Technologies

Paved and grassed waterways [Ethiopia]

Feses (Amharic)

technologies_1079 - Ethiopia

Completeness: 63%

1. General information

1.2 Contact details of resource persons and institutions involved in the assessment and documentation of the Technology

Key resource person(s)

SLM specialist:
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SLM specialist:

Estifanos Zena

Ministry of Agriculture and Rural Development, Addis Ababa

Ethiopia

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1.3 Conditions regarding the use of data documented through WOCAT

The compiler and key resource person(s) accept the conditions regarding the use of data documented through WOCAT:

Yes

2. Description of the SLM Technology

2.1 Short description of the Technology

Definition of the Technology:

A waterway is an artficial drainage channel constructed along the steepest slope to receive runoff from cutoff drains and graded structures and drain to the natural waterway safely.

2.2 Detailed description of the Technology

Description:

A vegetative waterway is constructed in areas where stone is not available and in gentle slopes. Paved waterways are suitable in steeper terrains and areas with large amount of stones. The waterway carries excess water to the river, reservoirs or gullies safely with out creating erosion. It is applicable in all areas where excess water is generated when high rains are received which are beyound the intake capacity of soils. The excess water then will have to be disposed sefely to natural outlets. Waterways are established a year or two before cutoff drains and field structures are constructed. Vegetative waterways are formed by digging earth channel across the contour in the direction of flow. After making the channel suitable grass species are planted or are made to establish naturally. Maintenance is very vital in waterways. Breaks in channel or embankments, moving of silt deposited or keeping the grass shorter in order that it does not obstract flow. Vegetative waterways could be stablized by planting short growing grasses, sodding or letting natural growth.

2.5 Country/ region/ locations where the Technology has been applied and which are covered by this assessment

Country:

Ethiopia

Region/ State/ Province:

South Gonder

Further specification of location:

Genbegna, Ayiba, Megish

Specify the spread of the Technology:
  • evenly spread over an area
If precise area is not known, indicate approximate area covered:
  • 10-100 km2
Comments:

The technology is practiced in 34 Kebeles in the Woreda.

2.6 Date of implementation

If precise year is not known, indicate approximate date:
  • more than 50 years ago (traditional)

2.7 Introduction of the Technology

Specify how the Technology was introduced:
  • through projects/ external interventions
Comments (type of project, etc.):

introduced and farmers experience

3. Classification of the SLM Technology

3.1 Main purpose(s) of the Technology

  • reduce, prevent, restore land degradation

3.2 Current land use type(s) where the Technology is applied

Land use mixed within the same land unit:

Yes

Specify mixed land use (crops/ grazing/ trees):
  • Agro-silvopastoralism

Cropland

Cropland

  • Annual cropping
  • teff
Number of growing seasons per year:
  • 1
Specify:

Longest growing period in days: 210 Longest growing period from month to month: May - Dec

Grazing land

Grazing land

Extensive grazing:
  • Semi-nomadic pastoralism
Forest/ woodlands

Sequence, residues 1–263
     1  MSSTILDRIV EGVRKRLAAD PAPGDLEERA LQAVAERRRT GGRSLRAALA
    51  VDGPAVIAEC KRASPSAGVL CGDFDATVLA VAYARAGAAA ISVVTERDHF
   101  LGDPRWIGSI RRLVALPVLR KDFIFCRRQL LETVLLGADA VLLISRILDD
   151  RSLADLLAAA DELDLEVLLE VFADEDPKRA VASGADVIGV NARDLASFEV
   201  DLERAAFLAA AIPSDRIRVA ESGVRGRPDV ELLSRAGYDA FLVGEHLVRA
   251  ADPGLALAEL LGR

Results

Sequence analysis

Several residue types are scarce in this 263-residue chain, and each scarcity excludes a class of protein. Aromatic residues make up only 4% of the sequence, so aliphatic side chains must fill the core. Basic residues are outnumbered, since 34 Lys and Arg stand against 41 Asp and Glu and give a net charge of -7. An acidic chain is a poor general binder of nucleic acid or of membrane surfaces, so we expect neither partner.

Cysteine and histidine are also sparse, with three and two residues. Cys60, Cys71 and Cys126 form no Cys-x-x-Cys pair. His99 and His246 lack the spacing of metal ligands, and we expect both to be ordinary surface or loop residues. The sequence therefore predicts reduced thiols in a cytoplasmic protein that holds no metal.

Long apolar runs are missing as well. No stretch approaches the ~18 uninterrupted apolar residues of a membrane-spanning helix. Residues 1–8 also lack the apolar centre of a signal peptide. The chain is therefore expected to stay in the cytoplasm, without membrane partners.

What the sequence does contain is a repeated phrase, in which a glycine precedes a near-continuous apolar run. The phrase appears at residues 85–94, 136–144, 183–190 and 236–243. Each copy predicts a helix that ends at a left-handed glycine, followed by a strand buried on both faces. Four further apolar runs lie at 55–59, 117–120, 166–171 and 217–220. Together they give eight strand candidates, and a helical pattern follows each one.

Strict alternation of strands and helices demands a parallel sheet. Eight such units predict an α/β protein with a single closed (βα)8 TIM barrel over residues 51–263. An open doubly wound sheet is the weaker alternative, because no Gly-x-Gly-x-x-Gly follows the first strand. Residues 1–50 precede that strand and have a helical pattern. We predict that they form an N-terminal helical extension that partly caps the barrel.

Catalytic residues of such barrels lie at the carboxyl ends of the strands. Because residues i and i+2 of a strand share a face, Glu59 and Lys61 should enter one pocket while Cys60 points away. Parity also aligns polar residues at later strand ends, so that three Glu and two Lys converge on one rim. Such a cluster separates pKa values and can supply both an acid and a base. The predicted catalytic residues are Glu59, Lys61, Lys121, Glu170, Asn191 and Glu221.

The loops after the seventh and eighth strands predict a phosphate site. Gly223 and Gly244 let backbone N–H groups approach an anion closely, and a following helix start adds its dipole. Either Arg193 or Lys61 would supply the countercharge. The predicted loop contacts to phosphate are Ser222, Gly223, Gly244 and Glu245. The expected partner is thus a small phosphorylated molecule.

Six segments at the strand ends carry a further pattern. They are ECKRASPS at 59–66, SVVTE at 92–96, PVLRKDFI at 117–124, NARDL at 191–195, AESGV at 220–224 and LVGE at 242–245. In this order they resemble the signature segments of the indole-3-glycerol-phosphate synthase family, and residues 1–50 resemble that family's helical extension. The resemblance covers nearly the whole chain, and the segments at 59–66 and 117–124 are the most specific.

Forest/ woodlands

  • (Semi-)natural forests/ woodlands
  • Tree plantation, afforestation
(Semi-)natural forests/ woodlands: Specify management type:
  • Selective felling
Products and services:
  • Fuelwood
  • Grazing/ browsing
  • Nature conservation/ protection
Comments:

Major land use problems (compiler’s opinion): soil erosion, flooding, decline of production and productivity.

Major land use problems (land users’ perception): soil erosion, shortage of feed and fodder, low productivity.

3.4 Water supply

Water supply for the land on which the Technology is applied:
  • rainfed

3.5 SLM group to which the Technology belongs

  • cross-slope measure
  • surface water management (spring, river, lakes, sea)

3.6 SLM measures comprising the Technology

agronomic measures

agronomic measures

  • A7: Others
vegetative measures

vegetative measures

  • V2: Grasses and perennial herbaceous plants
structural measures

structural measures

  • S3: Graded ditches, channels, waterways
Comments:

Main measures: vegetative measures, structural measures

Type of agronomic measures: early planting

Type of vegetative measures: aligned: -graded strips *<sup>3</sup>

3.7 Main types of land degradation addressed by the Technology

soil erosion by water

soil erosion by water

  • Wg: gully erosion/ gullying
Comments:

Main type of degradation addressed: Wg: gully erosion / gullying

Secondary types of degradation addressed: Wg: gully erosion / gullying

3.8 Prevention, reduction, or restoration of land degradation

Specify the goal of the Technology with regard to land degradation:
  • reduce land degradation
Comments:

Secondary goals: prevention of land degradation, rehabilitation / reclamation of denuded land

4. Technical specifications, implementation activities, inputs, and costs

4.1 Technical drawing of the Technology

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Technical specifications (related to technical drawing):

Technical knowledge required for field staff / advisors: moderate

Technical knowledge required for land users: high

Main technical functions: control of concentrated runoff: drain / divert

Secondary technical functions: control of dispersed runoff: retain / trap, control of concentrated runoff: retain / trap

Early planting
Material/ species: grass
Remarks: aligment layout

Aligned: -graded strips
Vegetative material: G : grass

Grass species: local grass

Waterway
Depth of ditches/pits/dams (m): 0.3-0.4m
Width of ditches/pits/dams (m): 2-3m
Length of ditches/pits/dams (m): 50-100m

Construction material (stone): medium sized (big and small stones avoided)

Slope (which determines the spacing indicated above): 15%

If the original slope has changed as a result of the Technology, the slope today is: 15%

Lateral gradient along the structure: 20%

Other type of management: change of management / intensity level - controlling, maintaining and guarding.

4.2 General information regarding the calculation of inputs and costs